“Our addiction to foreign oil is hampering our economic recovery and we desperately need investments in clean energy. We can address these pressing problems, while reducing our budget deficit and pollution, by enacting a simple carbon tax.” –Congressman Pete Stark, Sept. 2011.

Do you know of any other Representative stating the obvious?

Government can promote jobs and growth in the several ways outlined above, but does much more if it does what it is supposed to do. Both private and government investment help economic productivity, but in different ways. Government consumer protection creates consumer confidence, reducing the cost of selling. Government investor protection creates investor confidence, increasing the availability of capital. Government spending on natural resources and reducing pollution provides quality of life services and nature services of great economic value that the private sector is unable to provide. Government spending on health reduces what private business would spend or, absent business spending, increases worker health directly, promoting economic growth either way. Government spending on education has a pay-off in human capital essential for long term growth. Government spending on research provides technological capital used by business for growth. Under-funding government spending on social programs leads to high costs of criminality, jails, and prisons. The US prison population is so big it ,reduces the labor force, increasing the cost. The Advanced Democracies, as reviewed at, with a fraction of the US crime rate and a fraction of the costs, show how effective education and social programs can be.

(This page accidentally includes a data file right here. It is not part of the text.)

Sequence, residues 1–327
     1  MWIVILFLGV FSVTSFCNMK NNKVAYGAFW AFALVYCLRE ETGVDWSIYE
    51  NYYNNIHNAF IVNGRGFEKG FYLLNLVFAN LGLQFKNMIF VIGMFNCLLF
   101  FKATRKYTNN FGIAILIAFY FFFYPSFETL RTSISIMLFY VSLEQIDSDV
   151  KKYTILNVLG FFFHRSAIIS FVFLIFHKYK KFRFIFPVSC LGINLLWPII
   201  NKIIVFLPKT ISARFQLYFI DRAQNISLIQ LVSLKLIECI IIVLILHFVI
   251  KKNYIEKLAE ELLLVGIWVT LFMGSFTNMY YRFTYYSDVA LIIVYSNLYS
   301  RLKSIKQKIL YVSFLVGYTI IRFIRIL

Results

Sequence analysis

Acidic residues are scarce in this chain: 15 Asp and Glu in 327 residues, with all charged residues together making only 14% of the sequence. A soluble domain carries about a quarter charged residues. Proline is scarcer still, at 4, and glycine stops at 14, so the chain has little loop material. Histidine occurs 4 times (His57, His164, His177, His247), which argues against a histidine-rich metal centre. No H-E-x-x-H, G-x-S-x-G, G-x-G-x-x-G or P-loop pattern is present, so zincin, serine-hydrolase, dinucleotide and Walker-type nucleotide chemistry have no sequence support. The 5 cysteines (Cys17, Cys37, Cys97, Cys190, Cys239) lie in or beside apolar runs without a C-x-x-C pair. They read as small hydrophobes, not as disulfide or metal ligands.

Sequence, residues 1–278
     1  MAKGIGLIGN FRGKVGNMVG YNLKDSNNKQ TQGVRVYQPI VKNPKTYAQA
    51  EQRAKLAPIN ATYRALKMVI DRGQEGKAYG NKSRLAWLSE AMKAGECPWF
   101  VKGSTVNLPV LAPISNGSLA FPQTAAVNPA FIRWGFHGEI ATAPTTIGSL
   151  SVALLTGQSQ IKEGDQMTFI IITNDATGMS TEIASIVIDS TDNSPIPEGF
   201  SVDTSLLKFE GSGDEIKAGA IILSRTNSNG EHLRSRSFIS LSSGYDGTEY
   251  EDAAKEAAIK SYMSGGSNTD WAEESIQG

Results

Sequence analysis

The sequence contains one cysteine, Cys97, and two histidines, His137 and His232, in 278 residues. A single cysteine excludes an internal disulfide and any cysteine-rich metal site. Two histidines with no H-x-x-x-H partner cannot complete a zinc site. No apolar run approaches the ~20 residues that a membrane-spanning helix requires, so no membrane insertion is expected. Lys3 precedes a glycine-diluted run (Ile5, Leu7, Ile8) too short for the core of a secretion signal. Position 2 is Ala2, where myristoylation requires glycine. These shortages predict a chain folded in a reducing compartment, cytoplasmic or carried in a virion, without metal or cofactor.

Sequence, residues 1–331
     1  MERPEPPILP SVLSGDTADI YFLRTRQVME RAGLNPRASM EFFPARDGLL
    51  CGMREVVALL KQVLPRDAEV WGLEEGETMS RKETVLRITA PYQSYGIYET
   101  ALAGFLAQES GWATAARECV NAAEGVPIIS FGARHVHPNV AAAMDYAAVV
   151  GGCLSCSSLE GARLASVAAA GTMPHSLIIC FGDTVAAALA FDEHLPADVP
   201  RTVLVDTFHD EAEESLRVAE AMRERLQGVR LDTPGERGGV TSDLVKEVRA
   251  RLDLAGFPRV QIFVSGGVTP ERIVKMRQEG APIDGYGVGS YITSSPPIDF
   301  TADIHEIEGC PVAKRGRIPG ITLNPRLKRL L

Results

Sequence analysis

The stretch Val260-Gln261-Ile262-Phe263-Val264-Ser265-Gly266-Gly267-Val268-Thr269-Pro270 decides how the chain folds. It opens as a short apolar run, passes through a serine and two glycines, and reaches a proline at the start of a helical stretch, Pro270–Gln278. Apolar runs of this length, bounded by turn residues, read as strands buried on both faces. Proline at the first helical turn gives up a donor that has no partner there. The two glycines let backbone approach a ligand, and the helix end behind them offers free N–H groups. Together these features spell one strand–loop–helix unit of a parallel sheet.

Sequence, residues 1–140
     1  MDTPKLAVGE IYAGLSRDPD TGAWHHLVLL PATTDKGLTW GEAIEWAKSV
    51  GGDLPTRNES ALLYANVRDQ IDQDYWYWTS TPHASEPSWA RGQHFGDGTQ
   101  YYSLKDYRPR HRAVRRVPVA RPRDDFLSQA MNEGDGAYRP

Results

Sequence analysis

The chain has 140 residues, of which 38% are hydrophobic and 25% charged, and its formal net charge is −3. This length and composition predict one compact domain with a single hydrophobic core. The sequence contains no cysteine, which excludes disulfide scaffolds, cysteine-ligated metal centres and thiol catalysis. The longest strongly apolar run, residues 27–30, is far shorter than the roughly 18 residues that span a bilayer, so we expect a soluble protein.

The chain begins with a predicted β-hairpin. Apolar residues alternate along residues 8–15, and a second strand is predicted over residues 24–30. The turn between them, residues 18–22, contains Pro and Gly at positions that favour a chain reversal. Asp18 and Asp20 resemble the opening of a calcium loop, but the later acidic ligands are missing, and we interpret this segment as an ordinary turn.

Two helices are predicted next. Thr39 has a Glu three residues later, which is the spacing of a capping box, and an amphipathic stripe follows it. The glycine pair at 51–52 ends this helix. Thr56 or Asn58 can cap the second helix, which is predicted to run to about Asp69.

Country Profile page additions

After a lot of hard work, is very excited to announce its first Country Profile page addition. These Country Profiles may be accessed via the’s home screen. The name of each individual country listed under the column “Country’s covered” on the home page will be linked to the appropriate Country Profile page. The Country Profile pages are designed to briefly yet effectively summarize what specifically makes that country competitive in offering a higher quality of life in comparison to the United States while also addressing major ways in which the country’s aspirations for acquiring a higher quality of life might be misinterpreted or misrepresented by the American media.